Newsom touts plan to reopen California public schools

California Gov. Gavin Newsom Tuesday visited a Palo Alto elementary school. 

Newsom toured Barron Park Elementary and read to children inside classrooms equipped with appropriate COVID safety measures. His appearance was part of an administration push to safely reopen schools.
"Proving that we can our kids back in school, not just here, but all across the state of California. And for that matter, all across this country," the governor said. 
Newsom took that message to districts such as the Palo Alto Unified School District. He read to some of the district's students behind closed doors, and while in front of the cameras, local and district officials stood in solidarity with his reopening plan.
"It provides a pathway to get our kids back, and to restore some of their childhood, some of their emotional health," said Sen. Josh Becker, who represents residents in California's 13 Senate District which encompasses parts of San Mateo County and northern Santa Clara County.
The legislature is set to vote as early as Thursday on the governor's $6.6 billion plan. AB 86 would allow in-person learning in areas where the new COVID case count is no higher than 25 per 100,000 people.
The plan provides COVID mitigation resources for districts to help ensure they can reopen safely, initially for kindergarten through second-grade students.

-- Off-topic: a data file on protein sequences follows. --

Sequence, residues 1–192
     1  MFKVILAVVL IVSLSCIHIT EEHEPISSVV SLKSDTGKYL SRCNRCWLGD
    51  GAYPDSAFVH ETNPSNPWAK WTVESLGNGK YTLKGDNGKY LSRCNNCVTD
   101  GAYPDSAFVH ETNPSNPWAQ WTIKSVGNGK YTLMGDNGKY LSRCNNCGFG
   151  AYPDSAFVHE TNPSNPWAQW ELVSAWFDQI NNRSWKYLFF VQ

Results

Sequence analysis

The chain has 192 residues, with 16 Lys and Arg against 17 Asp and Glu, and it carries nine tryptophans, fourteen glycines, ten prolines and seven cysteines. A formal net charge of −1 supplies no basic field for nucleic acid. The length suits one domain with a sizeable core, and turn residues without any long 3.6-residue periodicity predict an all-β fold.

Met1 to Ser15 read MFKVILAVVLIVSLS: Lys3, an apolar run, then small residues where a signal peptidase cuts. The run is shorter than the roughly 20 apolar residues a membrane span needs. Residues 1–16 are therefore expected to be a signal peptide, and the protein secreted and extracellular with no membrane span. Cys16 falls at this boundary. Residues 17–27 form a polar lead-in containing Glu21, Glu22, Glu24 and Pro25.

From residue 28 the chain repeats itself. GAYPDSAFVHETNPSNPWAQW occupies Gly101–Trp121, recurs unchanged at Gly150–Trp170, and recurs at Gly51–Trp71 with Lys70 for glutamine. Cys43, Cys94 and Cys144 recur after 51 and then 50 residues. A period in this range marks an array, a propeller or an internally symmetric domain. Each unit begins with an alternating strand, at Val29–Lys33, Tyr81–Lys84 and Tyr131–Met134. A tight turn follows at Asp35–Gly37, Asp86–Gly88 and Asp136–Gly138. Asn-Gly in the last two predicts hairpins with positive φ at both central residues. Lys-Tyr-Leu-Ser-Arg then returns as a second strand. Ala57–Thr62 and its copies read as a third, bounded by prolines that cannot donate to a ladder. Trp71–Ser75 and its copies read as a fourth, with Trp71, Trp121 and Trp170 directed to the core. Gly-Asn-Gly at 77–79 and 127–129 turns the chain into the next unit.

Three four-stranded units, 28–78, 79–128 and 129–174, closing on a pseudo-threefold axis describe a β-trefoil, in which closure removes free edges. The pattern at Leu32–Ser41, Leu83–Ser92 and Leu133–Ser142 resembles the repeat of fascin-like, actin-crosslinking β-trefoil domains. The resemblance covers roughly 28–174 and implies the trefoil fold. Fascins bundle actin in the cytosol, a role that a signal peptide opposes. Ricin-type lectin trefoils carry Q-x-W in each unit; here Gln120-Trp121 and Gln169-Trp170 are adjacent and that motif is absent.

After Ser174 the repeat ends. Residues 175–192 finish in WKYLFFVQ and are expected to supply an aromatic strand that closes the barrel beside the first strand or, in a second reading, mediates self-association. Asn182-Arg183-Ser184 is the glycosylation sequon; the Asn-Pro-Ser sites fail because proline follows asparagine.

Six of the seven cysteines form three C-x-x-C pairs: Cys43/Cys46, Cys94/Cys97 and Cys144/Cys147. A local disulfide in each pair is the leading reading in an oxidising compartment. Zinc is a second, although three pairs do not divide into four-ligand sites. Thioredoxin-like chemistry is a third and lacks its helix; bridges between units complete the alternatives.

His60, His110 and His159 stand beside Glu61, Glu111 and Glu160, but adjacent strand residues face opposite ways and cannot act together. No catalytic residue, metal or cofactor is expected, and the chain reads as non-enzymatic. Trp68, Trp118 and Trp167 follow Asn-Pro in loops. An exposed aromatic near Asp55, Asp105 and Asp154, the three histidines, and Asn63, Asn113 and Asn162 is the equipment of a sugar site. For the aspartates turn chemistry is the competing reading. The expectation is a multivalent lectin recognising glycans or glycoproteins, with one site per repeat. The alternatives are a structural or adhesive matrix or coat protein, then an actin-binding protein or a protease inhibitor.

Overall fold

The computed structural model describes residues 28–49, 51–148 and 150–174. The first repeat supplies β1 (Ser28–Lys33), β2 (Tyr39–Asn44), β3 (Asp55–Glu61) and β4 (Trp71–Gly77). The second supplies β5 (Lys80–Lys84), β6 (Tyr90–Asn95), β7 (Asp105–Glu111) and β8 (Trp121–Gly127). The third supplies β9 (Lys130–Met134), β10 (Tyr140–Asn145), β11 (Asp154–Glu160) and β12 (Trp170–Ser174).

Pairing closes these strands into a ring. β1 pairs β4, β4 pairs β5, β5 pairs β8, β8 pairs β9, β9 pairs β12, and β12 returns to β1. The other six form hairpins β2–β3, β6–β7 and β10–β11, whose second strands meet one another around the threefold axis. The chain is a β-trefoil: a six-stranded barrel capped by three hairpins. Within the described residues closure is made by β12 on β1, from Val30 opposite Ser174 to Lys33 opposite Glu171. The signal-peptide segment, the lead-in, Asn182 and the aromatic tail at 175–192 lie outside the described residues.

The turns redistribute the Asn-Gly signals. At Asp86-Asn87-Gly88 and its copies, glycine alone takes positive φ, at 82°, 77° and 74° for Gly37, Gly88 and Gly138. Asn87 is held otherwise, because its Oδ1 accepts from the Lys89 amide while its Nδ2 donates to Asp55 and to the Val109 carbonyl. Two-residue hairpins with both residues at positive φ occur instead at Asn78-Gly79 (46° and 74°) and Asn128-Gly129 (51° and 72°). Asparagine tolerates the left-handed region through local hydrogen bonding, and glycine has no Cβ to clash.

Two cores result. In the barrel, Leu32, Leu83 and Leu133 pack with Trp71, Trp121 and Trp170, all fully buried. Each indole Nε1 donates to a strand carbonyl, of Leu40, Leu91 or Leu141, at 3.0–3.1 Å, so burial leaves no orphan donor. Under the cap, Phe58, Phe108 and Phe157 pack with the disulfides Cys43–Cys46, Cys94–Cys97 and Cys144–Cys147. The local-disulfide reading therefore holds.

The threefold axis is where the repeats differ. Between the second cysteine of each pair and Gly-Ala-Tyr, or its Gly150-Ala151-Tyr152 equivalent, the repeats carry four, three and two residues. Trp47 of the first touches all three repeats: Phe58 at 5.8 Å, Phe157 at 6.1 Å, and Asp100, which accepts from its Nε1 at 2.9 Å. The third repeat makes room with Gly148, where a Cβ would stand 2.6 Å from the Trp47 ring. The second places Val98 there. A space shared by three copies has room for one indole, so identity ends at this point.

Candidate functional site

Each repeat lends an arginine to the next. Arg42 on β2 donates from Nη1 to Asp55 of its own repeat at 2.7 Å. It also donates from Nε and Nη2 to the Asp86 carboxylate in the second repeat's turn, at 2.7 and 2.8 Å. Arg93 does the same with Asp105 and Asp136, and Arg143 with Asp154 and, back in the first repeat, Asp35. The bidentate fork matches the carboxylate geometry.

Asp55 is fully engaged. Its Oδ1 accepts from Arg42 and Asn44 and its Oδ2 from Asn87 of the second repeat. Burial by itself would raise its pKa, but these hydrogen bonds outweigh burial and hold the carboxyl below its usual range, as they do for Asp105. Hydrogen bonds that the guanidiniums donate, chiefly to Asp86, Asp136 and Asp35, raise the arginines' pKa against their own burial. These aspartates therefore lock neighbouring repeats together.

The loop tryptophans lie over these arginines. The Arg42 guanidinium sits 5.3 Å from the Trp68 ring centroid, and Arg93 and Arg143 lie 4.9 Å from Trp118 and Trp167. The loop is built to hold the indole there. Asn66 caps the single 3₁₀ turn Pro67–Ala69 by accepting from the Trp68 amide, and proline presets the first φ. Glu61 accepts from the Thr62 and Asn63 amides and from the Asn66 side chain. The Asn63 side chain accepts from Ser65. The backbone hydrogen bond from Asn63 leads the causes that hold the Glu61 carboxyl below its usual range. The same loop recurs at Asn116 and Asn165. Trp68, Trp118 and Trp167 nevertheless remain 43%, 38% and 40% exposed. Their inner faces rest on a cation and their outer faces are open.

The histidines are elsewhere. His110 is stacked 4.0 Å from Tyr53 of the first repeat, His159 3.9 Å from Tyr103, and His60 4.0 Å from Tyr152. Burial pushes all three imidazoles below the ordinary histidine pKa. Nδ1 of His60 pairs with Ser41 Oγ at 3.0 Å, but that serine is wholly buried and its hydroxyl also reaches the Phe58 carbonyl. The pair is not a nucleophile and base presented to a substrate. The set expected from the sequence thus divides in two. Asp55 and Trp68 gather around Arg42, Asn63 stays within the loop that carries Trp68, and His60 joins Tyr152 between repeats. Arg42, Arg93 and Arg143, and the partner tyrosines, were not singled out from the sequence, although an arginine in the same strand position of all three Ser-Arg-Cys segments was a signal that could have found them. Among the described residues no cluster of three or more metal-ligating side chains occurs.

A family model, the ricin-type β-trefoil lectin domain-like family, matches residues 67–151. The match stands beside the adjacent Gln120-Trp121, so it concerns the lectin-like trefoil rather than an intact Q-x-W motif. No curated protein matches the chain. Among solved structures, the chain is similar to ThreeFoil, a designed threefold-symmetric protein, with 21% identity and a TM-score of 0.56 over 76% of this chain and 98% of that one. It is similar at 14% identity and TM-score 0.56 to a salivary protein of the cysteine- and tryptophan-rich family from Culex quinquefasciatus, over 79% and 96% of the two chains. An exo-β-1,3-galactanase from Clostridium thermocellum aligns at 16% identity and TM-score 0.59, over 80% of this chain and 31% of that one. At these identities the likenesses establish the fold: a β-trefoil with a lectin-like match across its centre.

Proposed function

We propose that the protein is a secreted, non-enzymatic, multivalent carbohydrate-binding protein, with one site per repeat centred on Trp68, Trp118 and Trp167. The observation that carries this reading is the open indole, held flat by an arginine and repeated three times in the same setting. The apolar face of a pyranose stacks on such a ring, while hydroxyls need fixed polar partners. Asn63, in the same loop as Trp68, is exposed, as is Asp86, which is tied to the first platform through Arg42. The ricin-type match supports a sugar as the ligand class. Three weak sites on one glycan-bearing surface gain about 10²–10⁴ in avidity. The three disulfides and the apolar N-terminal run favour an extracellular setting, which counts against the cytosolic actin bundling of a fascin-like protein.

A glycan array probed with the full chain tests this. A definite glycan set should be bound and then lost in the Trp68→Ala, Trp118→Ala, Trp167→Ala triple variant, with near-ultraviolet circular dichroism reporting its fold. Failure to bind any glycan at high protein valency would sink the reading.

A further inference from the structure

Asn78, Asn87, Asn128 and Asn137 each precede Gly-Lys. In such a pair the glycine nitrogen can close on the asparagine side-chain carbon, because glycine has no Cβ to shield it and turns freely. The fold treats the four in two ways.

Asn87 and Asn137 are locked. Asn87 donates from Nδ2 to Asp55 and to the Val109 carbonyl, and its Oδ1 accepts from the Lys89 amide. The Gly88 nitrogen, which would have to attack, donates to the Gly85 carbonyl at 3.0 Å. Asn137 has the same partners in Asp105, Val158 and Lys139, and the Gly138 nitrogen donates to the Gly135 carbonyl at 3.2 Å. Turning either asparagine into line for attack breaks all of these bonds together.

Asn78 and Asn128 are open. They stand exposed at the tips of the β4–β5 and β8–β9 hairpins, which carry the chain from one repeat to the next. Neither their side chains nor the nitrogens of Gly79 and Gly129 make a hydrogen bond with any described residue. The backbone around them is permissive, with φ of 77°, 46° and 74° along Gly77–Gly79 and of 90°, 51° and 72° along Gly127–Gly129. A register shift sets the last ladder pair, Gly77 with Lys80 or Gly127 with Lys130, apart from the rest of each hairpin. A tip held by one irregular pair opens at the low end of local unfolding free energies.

"We believe we’re offering the resources so that districts can and should offer the proper health and safety," said Assemblymember Phil Ting Philip Ting of San Francisco. 
Some education experts say returning to in-person learning is paramount to the educational experience, especially for the youngest students.
"The playground games that children play haven’t been played in over a year now. And that causes a level of stress and anxiety that is significantly detrimental to learning," said Dr. Heather Lattimer, dean of the Connie L. Lurie College of Education at San Jose State University.
Newsom said his plan sets aside 10% of the COVID vaccine allotment for educators, starting this week.
"And while not required, it certainly showed that he cared to add another level of support and safety for everyone involved," said Dr. Don Austin, superintendent of the Palo Alto Unified School District (PAUSD). 
In a statement to KTVU, the California Teachers Association said it's "encouraged (the) agreement heeds educators’ calls for broad access to vaccinations for all school employees as an essential safety measure."
Officials in districts not as well off as the PAUSD are worried about equitable distribution of resources.
"Not ever part of the state has the same resources as this district. No one is naïve about that," said Newsom.
The governor promised more help for those areas in greater need.
Some administrators say flexibility by everyone will be the best elixir to getting teachers and families protected so that schools can reopen for in-person learning.